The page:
by Matt Gates
WHS has gone to great lengths to limit the most flagrant forms of cheating: copying off another student’s test, bringing secret flashcards and calculators into a testing room and plagiarizing essays. However, more attention needs to be paid to a subtler but just as dangerous form of cheating: the use of old tests to “study.”
Some students at WHS have access to completed and corrected tests and essays from older students in their homes. Especially in courses that can be taken by several different grade levels, the use of old tests in order to cheat is prevalent. Students that took a course the year before are able to give their completed and corrected tests to their friends to use. Students with older siblings also can likely access old tests, quizzes, essays and projects.
Because it can be extremely difficult for teachers teaching the same course from year to year to significantly alter their test questions, many times these old tests are identical to or extremely similar to the current tests. This allows students with old tests to have a significant advantage over their peers.
All teachers at WHS should do their best to prevent cheating through use of old tests by changing the questions as much as possible or at the very least re-collecting tests once students have reviewed their errors. However, teachers are put in an extremely difficult situation, having to decide between limiting students to only reviewing tests at school or sending them home with students that could photocopy or photograph content.
Therefore, students are ultimately responsible for putting an end to this form of academic dishonesty. Just as students who copy answers from a neighbor or plagiarize essays ultimately face the consequences, students who use old tests will also find that their behavior catches up with them.
Midterm and final exams are kept secure in the main office for just this reason. Students that have taken every test for the first half of the year after having already seen the question are in for an unpleasant surprise when the midterm has all new questions. Likewise, the College Board does everything possible to ensure that students taking AP exams are seeing the material for the first time. Therefore, students that use old tests to cheat in AP courses will be at a disadvantage in trying to earn an AP score for which they can receive college credit.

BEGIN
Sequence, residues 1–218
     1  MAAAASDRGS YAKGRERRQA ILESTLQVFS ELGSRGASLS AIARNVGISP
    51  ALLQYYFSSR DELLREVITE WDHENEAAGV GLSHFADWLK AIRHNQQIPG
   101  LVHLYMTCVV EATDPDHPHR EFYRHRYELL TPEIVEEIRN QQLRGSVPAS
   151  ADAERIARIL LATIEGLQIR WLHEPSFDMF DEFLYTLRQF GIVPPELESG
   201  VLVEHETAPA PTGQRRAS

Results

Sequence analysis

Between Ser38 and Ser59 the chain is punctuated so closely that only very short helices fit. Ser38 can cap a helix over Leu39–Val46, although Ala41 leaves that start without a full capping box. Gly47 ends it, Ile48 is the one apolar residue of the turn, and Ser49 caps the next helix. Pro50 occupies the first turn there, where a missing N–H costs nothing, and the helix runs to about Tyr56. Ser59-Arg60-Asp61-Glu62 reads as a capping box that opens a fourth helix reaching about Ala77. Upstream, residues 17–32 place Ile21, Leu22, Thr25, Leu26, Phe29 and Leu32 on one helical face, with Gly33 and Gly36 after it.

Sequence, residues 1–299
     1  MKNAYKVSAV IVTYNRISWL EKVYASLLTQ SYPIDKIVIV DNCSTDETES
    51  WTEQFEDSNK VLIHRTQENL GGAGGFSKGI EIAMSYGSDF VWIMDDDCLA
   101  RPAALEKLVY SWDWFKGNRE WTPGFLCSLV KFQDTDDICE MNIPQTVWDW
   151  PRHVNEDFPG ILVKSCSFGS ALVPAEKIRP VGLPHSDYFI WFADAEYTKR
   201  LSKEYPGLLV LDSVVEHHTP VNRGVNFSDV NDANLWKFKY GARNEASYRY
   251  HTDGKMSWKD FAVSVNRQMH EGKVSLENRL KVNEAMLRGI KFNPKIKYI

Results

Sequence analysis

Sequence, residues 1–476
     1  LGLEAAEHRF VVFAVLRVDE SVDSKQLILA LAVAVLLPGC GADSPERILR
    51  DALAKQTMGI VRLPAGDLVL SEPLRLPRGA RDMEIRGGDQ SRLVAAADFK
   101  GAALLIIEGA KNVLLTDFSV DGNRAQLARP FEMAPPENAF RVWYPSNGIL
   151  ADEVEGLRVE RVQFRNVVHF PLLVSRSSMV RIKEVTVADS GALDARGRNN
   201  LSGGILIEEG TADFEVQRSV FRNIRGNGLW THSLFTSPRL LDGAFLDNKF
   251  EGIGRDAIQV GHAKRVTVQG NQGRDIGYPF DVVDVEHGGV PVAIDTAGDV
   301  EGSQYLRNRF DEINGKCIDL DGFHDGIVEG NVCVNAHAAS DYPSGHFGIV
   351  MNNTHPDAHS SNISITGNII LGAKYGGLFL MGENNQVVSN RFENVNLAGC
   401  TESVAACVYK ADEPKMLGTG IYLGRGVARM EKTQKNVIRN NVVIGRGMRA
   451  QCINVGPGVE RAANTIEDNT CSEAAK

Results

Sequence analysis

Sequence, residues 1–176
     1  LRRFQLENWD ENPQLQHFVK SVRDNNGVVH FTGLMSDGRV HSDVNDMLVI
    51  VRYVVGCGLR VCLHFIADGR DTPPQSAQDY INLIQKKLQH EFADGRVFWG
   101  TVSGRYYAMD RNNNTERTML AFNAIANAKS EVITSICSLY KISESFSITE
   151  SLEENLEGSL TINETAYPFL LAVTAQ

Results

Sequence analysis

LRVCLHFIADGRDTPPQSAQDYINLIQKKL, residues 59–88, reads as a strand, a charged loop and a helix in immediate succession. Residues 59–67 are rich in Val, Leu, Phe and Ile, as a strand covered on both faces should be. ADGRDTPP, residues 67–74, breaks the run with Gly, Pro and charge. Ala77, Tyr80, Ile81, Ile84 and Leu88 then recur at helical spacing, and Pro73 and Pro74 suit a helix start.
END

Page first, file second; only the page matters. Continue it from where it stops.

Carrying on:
Moreover, students will not be able to get by using this method in most college courses.Will students that use this unfair advantage in high school and get into highly competitive colleges find themselves unable to keep up with students who gained admission through honorable means?
Ultimately, being prepared for exams in high school or college is not the most important reason to avoid this cheating. According to the WHS mission statement, “The heart of our purpose is to reinforce ethical responsibility, promote personal integrity, and instill a life-long passion for learning.” In order to achieve this ideal for the WHS community, teachers must do their best to change assessments from year to year while students must put away their friends’ corrected tests and their siblings’ old essays.